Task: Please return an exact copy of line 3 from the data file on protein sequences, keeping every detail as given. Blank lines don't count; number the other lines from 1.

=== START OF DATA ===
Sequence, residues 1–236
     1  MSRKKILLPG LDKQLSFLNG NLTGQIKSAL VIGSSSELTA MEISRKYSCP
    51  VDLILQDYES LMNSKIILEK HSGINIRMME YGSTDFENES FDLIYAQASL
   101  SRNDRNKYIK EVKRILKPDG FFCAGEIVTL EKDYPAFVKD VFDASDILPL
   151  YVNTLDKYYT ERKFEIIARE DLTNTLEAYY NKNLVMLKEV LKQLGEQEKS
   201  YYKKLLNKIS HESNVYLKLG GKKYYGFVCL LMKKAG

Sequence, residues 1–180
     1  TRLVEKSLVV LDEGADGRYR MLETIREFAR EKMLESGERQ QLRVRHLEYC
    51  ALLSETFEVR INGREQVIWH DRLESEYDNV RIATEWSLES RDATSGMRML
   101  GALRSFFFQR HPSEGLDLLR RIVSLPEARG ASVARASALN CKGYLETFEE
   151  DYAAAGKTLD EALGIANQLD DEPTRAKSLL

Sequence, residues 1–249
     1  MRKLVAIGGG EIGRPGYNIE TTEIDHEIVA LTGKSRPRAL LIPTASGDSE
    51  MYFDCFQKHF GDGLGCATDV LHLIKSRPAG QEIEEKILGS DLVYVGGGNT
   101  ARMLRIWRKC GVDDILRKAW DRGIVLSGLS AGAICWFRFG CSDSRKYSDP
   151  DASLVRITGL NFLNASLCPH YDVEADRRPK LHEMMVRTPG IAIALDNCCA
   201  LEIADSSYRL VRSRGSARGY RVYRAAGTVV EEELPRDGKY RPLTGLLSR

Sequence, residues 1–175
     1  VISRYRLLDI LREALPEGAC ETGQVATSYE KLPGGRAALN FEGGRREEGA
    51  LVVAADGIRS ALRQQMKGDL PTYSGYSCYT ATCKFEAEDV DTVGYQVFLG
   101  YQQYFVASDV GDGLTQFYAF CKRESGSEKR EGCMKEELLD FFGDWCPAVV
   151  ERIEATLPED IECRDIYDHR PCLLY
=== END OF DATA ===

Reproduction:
    51  VDLILQDYES LMNSKIILEK HSGINIRMME YGSTDFENES FDLIYAQASL